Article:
The approach you are contemplating is an "exclusionary" approach which is fine. Another approach would be a "quantitative" approach. For instance the evaluation range may be from poor/marginal/average/good/exceptional. You may rate the neutral as "average" which GAO has upheld. In other words there is not cookie cutter approach in how to treat neutral past performance.
In at least one COFC case the court actually preferred the "exclusionary" approact which they held as being the most pure method of handling no past performance as neither negative or positive. Here is a snippit from that case (Metcalf Construction Company, Inc., v. The United States and Lend Lease ACTUS (Intervenor), COFC No. 02-5C, September 24, 2002):
The plain meaning of the word neutral is: ?Not allied with, supporting, or favoring either side... Not one thing or the other: indifferent;?33 i.e., having no effect, null or zero. When a literal interpretation is given to the statute, and a zero (or null) value is applied to the neutral rating factor, the subject offeror?s overall rating suffers as compared to other bidders.34 In the case at bar, the offeror is partially spared from the harshest possible result because the neutral rating occurs in only one of two equally weighted subfactors, instead of a whole category or factor. Operating from the standpoint of strict adherence to the language of the statute, no value or a null value should be substituted in the past performance subfactor under Factor C as illustrated below:
According to the solicitation, the ratings in both subfactors, ?NR? and ?HA,? are ?equally weighted.? Therefore, the logical first-blush inclination would be to ?average? the two ratings to arrive at a single overall rating. Since these ratings are adjectival, rather than numerical, an exact (quantitative) value or rating cannot result. We are thereby faced with the confines of solving an equation of non-quantitative variables, which logically, we know, must yield a result that is lower than ?HA,? but for which the actual result is speculative. (If this were a numerical scheme, and HA = 3, and A = 2, the outcome would be 1.5, which is a rating lower than ?Acceptable?). This court, therefore, and in conjunction with the administrative cases cited above condemning the ?zeroing effect,? rejects the functionality (and fairness) of a null value application since said application has the effect of treating the offeror unfavorably.
While the court found no binding authority on this issue, we have looked to the numerous administrative decisions dealing with the applicable statute. There are a couple of variations in applying the statute which have been contrived in order to avoid the otherwise harsh outcome that results from a literal application of the statute (the zeroing effect). First, there is assigning a quantitative value to the neutral rating reflecting the mid-point of the applicable rating scale; e.g., ?good,? or ?satisfactory.?35 And, in the case of a numerical rating scheme, a number representing the mid-point of the applicable rating scale is assigned.36 Alternatively, there are other cases where the category with the ?NR? rating is totally eliminated for the affected bidder(s).37 We will look at each approach separately.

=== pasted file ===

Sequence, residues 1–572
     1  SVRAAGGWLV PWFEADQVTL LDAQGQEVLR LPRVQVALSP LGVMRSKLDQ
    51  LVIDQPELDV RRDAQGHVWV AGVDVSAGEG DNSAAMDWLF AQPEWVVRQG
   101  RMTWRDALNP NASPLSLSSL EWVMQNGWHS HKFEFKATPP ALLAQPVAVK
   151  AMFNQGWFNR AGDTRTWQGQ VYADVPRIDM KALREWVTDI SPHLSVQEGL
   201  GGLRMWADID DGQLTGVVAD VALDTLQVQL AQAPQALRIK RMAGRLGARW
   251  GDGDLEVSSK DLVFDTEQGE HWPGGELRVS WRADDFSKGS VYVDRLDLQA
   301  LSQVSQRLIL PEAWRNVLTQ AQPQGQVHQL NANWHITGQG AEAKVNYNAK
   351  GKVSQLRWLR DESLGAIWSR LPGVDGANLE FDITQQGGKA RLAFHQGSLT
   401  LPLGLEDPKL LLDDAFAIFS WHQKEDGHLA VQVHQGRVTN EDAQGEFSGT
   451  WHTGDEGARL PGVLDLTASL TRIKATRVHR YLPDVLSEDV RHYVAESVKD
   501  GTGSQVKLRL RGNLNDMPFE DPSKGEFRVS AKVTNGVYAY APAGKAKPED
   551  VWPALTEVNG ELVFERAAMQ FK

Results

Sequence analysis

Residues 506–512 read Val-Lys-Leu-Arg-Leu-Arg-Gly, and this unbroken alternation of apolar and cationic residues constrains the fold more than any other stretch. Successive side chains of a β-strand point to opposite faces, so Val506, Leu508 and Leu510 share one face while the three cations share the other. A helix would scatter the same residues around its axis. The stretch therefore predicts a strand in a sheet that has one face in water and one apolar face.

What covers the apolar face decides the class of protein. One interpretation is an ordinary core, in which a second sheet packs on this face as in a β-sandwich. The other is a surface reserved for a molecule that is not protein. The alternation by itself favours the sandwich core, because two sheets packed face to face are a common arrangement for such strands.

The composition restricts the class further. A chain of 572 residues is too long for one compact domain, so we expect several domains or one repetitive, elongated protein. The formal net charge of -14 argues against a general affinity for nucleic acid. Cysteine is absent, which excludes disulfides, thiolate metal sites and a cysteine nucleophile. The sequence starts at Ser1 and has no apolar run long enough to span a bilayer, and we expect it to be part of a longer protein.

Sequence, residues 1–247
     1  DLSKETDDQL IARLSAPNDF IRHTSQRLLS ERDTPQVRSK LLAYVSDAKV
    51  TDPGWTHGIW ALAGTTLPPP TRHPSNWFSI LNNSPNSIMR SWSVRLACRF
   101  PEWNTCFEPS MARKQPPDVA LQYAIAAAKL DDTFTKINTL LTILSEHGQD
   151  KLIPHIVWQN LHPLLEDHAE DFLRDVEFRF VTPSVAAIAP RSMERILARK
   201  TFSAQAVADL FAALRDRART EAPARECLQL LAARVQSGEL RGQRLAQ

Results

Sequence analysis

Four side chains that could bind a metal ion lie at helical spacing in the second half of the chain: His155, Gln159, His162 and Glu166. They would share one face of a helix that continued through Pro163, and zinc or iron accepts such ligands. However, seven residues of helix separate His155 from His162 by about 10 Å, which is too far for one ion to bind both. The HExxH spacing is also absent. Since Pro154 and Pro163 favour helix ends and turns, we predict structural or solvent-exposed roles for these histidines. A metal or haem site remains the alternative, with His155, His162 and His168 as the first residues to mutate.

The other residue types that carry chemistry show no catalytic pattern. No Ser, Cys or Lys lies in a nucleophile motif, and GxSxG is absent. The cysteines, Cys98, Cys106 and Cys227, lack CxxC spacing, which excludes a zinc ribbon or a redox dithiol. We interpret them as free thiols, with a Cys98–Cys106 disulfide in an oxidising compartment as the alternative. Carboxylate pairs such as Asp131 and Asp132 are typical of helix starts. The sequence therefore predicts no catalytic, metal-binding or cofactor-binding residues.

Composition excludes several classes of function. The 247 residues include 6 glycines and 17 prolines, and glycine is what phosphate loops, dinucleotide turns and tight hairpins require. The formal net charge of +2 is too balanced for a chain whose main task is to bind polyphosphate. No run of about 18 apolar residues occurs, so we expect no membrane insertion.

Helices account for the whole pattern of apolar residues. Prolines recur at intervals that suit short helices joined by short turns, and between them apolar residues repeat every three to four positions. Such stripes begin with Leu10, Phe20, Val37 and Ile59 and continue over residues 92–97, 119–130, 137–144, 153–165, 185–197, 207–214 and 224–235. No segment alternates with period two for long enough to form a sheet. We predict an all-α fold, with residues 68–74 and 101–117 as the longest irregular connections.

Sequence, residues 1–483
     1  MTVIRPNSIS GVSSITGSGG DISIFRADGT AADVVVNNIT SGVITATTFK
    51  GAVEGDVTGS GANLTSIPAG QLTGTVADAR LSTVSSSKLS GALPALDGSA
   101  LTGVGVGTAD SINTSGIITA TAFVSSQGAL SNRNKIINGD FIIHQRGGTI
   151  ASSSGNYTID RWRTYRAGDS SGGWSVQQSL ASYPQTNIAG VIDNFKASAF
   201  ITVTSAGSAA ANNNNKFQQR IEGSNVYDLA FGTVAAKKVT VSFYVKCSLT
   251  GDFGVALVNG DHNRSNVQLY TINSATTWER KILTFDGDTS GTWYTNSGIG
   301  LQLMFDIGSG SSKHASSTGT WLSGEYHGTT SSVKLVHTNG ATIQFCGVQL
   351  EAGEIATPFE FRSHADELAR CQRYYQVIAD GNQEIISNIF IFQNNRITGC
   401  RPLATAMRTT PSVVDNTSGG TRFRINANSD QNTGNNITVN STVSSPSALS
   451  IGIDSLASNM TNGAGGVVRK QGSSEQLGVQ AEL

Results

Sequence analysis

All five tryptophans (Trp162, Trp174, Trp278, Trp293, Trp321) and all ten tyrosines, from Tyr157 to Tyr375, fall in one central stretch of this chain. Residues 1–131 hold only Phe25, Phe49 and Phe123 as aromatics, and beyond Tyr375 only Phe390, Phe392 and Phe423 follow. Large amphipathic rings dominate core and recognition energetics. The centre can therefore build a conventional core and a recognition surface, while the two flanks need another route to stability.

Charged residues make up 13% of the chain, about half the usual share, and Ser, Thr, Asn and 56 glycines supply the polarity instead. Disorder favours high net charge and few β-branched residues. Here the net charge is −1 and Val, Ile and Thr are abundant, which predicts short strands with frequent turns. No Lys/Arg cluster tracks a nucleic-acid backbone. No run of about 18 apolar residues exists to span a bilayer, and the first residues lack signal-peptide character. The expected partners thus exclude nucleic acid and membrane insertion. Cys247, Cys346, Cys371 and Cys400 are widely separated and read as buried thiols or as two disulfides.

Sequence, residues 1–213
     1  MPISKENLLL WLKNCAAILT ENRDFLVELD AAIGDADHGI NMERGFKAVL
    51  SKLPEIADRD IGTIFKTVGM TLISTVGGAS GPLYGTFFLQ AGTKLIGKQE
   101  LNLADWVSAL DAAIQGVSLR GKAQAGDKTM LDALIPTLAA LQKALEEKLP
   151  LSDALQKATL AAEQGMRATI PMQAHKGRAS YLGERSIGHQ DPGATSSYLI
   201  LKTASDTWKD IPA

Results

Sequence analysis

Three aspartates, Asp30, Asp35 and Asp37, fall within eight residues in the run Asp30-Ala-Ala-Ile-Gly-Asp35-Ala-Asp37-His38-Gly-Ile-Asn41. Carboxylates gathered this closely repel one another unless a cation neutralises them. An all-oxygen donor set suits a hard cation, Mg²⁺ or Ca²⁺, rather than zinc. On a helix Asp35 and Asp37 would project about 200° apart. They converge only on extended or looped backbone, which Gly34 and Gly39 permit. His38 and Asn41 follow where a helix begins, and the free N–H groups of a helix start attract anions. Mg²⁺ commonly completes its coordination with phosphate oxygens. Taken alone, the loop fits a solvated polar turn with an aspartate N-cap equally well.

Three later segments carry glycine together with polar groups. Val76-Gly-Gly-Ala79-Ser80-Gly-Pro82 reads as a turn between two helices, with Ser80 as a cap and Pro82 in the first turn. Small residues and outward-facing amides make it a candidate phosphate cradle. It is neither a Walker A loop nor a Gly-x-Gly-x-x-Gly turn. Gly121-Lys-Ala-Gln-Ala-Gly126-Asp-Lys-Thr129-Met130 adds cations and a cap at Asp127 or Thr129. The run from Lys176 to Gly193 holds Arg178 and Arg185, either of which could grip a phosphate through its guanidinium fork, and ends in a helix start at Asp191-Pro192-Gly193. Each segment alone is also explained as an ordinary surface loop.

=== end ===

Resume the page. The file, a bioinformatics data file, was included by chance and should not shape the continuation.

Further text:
1. Quantitative Approach
This court is unpersuaded that the assignment of any value at all to a neutral rating operates within the meaning of the statute since ? ?the offeror may not be evaluated favorably or unfavorably on the factor of past performance.? Surely even a middle value may favor or disfavor an offeror. The defendant apparently applied this ?mid-point? theory, by treating the neutral rating as equivalent to the ?Acceptable? rating - - ?The Navy therefore, [sic] rated all offerors equally, consistently, and fairly, as each offeror receiving one ?highly acceptable? and one ?acceptable? (or ?neutral?) received an overall ?acceptable? rating.? Def. Motion at 26. The court rejects this approach as inconsistent with, and therefore violative of, the operative statute.
2. Exclusion Approach
Remaining, then, is the theory of totally eliminating the factor, or in this case, the subfactor, from the affected bidder?s evaluation. In Meridian Mgmt. Corp., past references questionnaires contained thirty-one (31) questions that were rated separately, then divided by 31 to arrive at an overall ?experience/past performance score.? The protester in that case argued that it was penalized when it received a ?0? for a question regarding laboratory work that was ?not applicable? in a prior contract. The agency involved in that solicitation agreed that the protester should not be penalized, and subsequently recalculated the protester?s score by dividing the total for the thirty (30) answered questions by 30, instead of 31. In doing so, the agency totally eliminated the question that was ?not applicable? to the protester from its overall ?experience/past performance score.?
The court finds that the approach taken in Meridian is the better approach, which neither (1) treats the bidder favorably nor unfavorably by unduly quantifying (as ?Acceptable?) the neutral rating, nor does it (2) lead to a speculative or unfavorable result (via averaging). Therefore, under the Meridian approach, subfactor 1 of Factor C, in the case at bar, is completely eliminated from Metcalf?s Factor C evaluation, since subfactor 1 is, in effect, ?not applicable? to Metcalf. Thus, Metcalf is to be evaluated purely on subfactor 2, which, in this case, becomes its overall rating for Factor C, to wit, ?HA.? This approach is consistent with the outcome derived by the TEB in its September 10, 2001 report. (App. A, page 3 of 4).